Once it was installed, I gave the top knob a turn, ran the pump for a minute and then turned it the rest of the way.

Summary

In hindsight, it is very straight forward but I didn’t expect the flow limiter to stop the knob from turning and I didn’t know what grease to use to refill the pot so it seemed like good info to share.

I hope this helps you out.


Note, I have to buy all of my parts – nothing here was paid for by sponsors, etc. I do make a small amount if you click on an ad and buy something but that is it. You’re getting my real opinion on stuff.

If you find this post useful, please share the link on Facebook, with your friends, etc. Your support is much appreciated and if you have any feedback, please email me at info@roninsgrips.com. Please note that for links to other websites, I may be paid via an affiliate program such as Avantlink, Impact, Amazon and eBay.


A Peek Inside the GX CS4 Compressor

Okay, I used my GX CS4 compressor to top of my 6.8L tank the other day and ran it for about 30 minutes or so to top off the tank at 300 bar. As you may have guessed, I’m a tinkerer and am always curious how things work. So, I looked at the CS4, it looked at me and I removed the case.

It’s really easy to do – I removed the little sheet black metal screws that run around the edges of the red sheet metal cover, removed the coolant tank cover, unfurled the power cord wrapped on the spool and the cover just comes straight off.

Here are some photos:

The first thing that struck me was how cleanly it is laid out. The blue lines are the coolant lines – they are that color because the GL48 70/30 mix I am using is blue. It sure makes them stand out – you can see the water intake at the bottom of the fluid reservoir in the middle. The silver hard line is the high pressure air running from the top of the compressor over to the aluminum manifold block that has the pressure gauge assembly and the male foster fitting. Note how all of the machining is well done. Care was taken with the design, machining and assembly of this unit to look like this.
Another angle looking towards the rear of the unit. You can clearly see the cooling lines – if someone needed to trouble shoot a fluid leak, it would be very easy to do.
This is a view from the other side. The grease by the grease pot is my fault. I had removed the pot to look at it and made a bit of a mess. It wiped right off.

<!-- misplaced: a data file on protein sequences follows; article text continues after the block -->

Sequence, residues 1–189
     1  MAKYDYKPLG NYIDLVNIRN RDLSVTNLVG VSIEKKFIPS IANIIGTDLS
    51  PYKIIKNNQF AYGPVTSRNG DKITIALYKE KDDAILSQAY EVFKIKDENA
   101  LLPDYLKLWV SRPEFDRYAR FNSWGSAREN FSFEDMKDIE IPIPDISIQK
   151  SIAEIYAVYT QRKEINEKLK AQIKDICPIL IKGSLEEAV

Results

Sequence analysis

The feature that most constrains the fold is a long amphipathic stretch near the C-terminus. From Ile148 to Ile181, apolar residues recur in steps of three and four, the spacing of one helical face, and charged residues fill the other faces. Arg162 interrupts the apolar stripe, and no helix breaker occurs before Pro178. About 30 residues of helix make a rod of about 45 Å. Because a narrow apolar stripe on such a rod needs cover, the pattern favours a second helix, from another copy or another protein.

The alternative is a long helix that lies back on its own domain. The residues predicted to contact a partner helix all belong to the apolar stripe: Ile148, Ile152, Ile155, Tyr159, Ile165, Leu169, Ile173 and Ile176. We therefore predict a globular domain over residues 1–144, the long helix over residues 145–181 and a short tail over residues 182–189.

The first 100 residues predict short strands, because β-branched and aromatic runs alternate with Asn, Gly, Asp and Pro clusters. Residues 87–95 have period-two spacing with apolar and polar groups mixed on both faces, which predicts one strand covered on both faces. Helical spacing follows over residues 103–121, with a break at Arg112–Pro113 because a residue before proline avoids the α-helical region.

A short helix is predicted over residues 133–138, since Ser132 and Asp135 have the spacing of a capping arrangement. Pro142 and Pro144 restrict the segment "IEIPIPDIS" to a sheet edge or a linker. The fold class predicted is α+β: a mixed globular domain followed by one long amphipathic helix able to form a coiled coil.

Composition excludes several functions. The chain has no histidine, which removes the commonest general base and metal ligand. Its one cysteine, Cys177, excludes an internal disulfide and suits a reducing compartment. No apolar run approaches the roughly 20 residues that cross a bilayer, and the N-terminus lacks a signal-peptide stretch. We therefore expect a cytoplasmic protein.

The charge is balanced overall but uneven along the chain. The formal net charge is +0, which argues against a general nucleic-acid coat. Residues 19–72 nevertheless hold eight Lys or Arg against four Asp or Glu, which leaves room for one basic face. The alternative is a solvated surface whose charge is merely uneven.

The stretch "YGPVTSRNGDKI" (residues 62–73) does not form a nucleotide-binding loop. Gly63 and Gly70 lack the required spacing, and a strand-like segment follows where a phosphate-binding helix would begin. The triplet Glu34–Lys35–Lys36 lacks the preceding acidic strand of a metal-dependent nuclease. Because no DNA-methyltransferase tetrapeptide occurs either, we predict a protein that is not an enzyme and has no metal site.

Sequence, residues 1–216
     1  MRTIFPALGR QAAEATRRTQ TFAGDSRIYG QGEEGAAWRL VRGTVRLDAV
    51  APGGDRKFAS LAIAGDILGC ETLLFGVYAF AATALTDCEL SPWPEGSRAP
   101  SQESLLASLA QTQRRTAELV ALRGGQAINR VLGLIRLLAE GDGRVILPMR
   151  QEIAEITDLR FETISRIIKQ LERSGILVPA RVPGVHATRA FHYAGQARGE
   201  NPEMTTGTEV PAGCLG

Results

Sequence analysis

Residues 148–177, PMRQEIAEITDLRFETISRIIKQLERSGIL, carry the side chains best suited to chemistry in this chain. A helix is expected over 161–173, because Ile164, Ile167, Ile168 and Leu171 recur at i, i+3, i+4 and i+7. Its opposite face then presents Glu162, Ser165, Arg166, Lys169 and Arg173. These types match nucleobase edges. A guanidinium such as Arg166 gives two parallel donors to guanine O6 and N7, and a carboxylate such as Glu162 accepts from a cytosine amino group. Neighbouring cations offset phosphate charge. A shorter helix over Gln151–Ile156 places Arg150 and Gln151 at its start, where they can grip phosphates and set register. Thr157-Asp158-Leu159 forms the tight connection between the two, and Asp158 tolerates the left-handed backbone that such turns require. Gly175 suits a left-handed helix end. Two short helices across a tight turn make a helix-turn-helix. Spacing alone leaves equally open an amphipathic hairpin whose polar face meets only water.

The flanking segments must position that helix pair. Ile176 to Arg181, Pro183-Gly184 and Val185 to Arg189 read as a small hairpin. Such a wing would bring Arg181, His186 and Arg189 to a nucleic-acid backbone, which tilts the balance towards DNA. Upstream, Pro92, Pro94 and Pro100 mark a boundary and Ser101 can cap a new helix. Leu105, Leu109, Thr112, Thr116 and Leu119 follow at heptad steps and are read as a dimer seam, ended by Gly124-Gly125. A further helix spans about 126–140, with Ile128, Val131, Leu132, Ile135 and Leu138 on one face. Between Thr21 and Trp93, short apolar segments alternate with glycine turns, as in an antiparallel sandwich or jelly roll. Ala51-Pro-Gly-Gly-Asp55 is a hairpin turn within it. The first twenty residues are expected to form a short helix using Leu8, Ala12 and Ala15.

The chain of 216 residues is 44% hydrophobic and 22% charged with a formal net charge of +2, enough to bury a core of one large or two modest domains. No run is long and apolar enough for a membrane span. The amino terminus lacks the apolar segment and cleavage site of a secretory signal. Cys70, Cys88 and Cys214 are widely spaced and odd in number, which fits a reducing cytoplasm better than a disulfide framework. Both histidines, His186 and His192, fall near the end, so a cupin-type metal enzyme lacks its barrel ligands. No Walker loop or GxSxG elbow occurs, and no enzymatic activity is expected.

Looking towards the front of the unit – those are the switches for the pump to the top left and the mast switch in the middle. You also get a pretty good look at the electric motor.

Summary

The design is well executed – everything is neatly assembled and the pump continues to work great. There are probably over 5-6 run time hours on it so far.


Note, I have to buy all of my parts – nothing here was paid for by sponsors, etc. I do make a small amount if you click on an ad and buy something but that is it. You’re getting my real opinion on stuff.

If you find this post useful, please share the link on Facebook, with your friends, etc. Your support is much appreciated and if you have any feedback, please email me at info@roninsgrips.com. Please note that for links to other websites, I may be paid via an affiliate program such as Avantlink, Impact, Amazon and eBay.


Setting Up & Testing the GX CS4 PCP 400 Bar/5,800 PSI Air Compressor

In the last post I discussed purchasing a new GX CS4 compressor and showed you some photos of it out of the box. In this post, I want to give you some recommendations on setting the unit up and testing it. There are definitely details around the CS4 that you need to know and it is critical you don’t just take it out of the box and try to start using it.

Read the Instruction Pamphlet

There should be a small pamphlet in with the CS 4. Take a minute and read the instructions for use. Afterwards read the following.

Distilled Water or Antifreeze for Cooling?

So the pump gets its really long duty cycle in no small part due to the liquid cooling system. Liquid is a far, far more efficient conductor of heat than air is. You see, water is much more dense than air and depending on the article you read it is 9 to 13 times more efficient at carrying away heat – maybe even more.

In the automotive world, to lower the freezing point and raise the boiling point, various chemicals have been discovered and are often referred to generically as “antifreeze”. You look deeper though and there are tons of variations for different manufacturers and different specifications.

GX said to use either distilled water or a PH-neutral antifreeze. Well, I wasn’t sure how hot the pump would get so I was worried about using distilled water. The benefits of distilled water is that it is cheap and it is PH neutral being neither acidic nor alkaline so it’s not going to cause excessive corrosion. On the other hand, it can freeze or boil like any other water plus there aren’t any corrosion inhibitors or pump lubricating agents.

I was very keen to use an antifreeze for longer like plus I was worried about boiling. I didn’t plan to keep the pump outside so freezing wasn’t a worry. The problem began when I tried to find “PH-neutral” antifreeze. I could not find any antifreeze with a true PH of 7. I turns out that you will be hard pressed to find it – I found cutting fluids (coolants for doing metal cutting) with a PH of 7, brake like antifreeze that had a PH of 7 — it was almost pure methanol, but not a thermal transfer fluid that I could buy in small quantities (like 1-2 gallons).